Honda Reliability

The Data

2019 Consumer Reports placed Honda in 13th place in its reliability ranking. Honda vehicles were deemed more reliable than many U.S. and E.U. models, such as Chevy, Jeep, and Tesla. In August 2019 alone, Honda sold almost 35,000 units of the Civic in just the U.S., marking a 26% increase in the model’s sales; this made up a significant portion of Honda’s overall sales. In fact, Honda itself maintains that the Civic is still the company’s “star of the show.”

According to Repair Pal, the average cost of maintaining a Honda Civic over the past 10 years (pre-2018 models) has been less than $400 per year. This helps explain why the Civic was voted the third most reliable compact car overall out of 36 models.

In Milage and Years

Honda Civics are reliable cars that are efficient, practical, and fun to drive. Expect up to 20 years of life in your Honda Civic, provided it is well cared for. In terms of mileage, keep in mind that these are subjective numbers and depend on many factors mentioned above. Generally, 200,000 to 300,000 miles with a Honda Civic are a given before it completely breaks down or requires extensive repairs.

Some details on how long you can expect certain parts of your Honda Civic to last (assuming regular use and maintenance):

  • Brakes: 30,000 to 60,000 miles.
  • Tires: 30,000 to 60,000 miles.
  • Transmission:120,000 to 180,000 miles.
  • Spark Plugs: Roughly 100,000 miles.

For a Used Civic

When deciding whether a certain used Civic is worth the purchase, make sure you follow the following general rule of thumb: an average of 12,000 miles per year indicates a well-conditioned vehicle. For example, a four-year-old Civic with 80,000 miles on the odometer means it racked up 20,000 miles per year! According to the rule mentioned, this signals a vehicle that has experienced excessive use.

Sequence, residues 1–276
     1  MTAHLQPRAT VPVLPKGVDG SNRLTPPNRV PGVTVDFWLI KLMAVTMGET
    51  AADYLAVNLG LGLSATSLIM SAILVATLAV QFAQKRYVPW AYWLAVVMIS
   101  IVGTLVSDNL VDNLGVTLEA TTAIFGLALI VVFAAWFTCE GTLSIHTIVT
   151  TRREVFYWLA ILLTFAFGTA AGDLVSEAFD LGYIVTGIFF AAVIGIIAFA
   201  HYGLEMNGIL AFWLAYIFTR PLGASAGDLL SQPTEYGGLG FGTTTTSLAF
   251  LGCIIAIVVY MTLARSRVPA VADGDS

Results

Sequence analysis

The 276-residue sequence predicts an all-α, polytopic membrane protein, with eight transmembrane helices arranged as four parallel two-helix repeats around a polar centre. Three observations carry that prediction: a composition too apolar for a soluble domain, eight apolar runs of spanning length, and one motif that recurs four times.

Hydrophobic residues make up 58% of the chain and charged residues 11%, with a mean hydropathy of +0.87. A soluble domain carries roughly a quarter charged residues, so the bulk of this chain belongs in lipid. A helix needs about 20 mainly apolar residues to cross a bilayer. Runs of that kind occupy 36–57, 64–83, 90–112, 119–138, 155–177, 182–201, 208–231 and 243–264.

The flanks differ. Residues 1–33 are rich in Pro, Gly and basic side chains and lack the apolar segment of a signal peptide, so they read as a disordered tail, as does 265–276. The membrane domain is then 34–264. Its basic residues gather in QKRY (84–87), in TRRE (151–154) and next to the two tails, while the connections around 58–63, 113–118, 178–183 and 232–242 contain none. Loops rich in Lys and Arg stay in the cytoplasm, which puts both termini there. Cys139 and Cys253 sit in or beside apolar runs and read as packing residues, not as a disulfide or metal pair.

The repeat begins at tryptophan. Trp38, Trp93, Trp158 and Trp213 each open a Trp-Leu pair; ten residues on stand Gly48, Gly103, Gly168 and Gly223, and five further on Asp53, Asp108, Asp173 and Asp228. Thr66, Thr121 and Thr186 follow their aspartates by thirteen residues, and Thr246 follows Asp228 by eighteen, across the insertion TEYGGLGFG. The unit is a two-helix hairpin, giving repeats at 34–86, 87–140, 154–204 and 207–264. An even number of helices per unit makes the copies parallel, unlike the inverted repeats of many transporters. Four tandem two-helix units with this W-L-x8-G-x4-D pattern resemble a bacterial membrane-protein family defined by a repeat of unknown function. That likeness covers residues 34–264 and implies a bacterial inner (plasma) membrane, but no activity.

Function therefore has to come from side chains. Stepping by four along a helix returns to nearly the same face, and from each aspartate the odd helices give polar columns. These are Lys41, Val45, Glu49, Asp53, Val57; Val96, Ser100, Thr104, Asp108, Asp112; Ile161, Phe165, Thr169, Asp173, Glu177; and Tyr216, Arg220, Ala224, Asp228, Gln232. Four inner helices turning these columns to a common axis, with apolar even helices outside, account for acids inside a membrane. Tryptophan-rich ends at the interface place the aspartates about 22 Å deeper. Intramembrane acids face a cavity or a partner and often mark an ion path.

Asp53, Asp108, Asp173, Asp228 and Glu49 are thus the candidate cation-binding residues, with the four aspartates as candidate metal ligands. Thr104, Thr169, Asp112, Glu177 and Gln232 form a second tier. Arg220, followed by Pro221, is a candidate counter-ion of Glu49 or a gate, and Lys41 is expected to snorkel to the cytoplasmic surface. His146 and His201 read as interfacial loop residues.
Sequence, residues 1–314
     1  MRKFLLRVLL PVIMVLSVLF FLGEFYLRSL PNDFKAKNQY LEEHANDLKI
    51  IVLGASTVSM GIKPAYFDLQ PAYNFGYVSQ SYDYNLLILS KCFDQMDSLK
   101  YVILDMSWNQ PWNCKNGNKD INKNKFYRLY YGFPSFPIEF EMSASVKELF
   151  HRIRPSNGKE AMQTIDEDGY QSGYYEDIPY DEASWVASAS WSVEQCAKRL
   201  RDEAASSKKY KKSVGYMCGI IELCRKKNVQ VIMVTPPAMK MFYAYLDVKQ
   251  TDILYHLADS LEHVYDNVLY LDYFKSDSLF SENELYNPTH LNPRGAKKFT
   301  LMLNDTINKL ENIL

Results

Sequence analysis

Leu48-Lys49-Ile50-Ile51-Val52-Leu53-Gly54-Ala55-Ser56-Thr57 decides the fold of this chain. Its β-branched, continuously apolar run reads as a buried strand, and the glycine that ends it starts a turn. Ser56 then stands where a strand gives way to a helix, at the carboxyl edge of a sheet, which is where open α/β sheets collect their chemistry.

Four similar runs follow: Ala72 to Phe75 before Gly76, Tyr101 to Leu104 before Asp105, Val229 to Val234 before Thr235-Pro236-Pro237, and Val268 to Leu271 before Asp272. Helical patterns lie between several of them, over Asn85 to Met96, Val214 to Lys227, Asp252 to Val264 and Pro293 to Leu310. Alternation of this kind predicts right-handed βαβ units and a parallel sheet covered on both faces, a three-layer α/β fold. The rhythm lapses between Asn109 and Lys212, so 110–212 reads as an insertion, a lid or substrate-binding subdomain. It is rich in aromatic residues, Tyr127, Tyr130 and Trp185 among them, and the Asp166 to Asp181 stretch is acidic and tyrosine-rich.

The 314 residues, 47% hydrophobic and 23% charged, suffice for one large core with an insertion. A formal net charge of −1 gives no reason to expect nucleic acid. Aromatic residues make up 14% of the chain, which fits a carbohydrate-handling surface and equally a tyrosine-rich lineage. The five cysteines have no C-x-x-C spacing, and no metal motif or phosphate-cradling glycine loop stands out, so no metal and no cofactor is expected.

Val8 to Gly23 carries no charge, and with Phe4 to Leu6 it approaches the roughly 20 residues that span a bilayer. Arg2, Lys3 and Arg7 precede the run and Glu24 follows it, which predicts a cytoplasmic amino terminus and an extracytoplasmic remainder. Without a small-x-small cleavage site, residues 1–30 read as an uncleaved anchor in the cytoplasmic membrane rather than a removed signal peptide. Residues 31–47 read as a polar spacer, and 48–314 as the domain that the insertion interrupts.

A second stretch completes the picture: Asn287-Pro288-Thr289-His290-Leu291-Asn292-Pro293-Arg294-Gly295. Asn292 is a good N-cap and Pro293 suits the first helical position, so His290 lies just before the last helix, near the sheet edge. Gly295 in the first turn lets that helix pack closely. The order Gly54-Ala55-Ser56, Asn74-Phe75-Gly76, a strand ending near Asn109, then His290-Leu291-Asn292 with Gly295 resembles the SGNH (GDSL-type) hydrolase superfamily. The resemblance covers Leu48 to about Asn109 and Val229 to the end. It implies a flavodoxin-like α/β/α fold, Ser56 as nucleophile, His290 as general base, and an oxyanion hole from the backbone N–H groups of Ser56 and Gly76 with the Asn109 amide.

Before purchasing a used Civic or any vehicle, you should consider how often you will use it. The fewer miles a used car has already been driven, the more you can use it for and the longer you can keep it.

Honda Features that Contribute to its Longevity

Using a Forge Instead of a Cast

Source: maxuspro

These are two different manufacturing styles used for the engine in particular. Honda employs the forging technique, ensuring its engines last a long time.

  • Casting: Molten metal is poured into a mold and allowed to cool. Benefit: It is cheap, and parts are made quickly. Drawback: The parts made this way are physically much weaker.
  • Forging: Force and compression shape a car part, similar to smithing. This produces resilient and reliable parts, even after a long time.

Overengineered Engine

Source: motortrend

This simply means that the engine never achieves the maximum performance it was built for. As soon as an automobile reaches its redline and begins using all of its available power, the engine’s lifespan begins to decline.

Too much of it can potentially spell tragedy. Let us assume, for the sake of argument, that Honda’s engineers planned for the engine to achieve 300 mph but ultimately limited it to 175 mph. As a result of the difference between the actual and the specified speed limit, the engine will survive longer.

Simple Features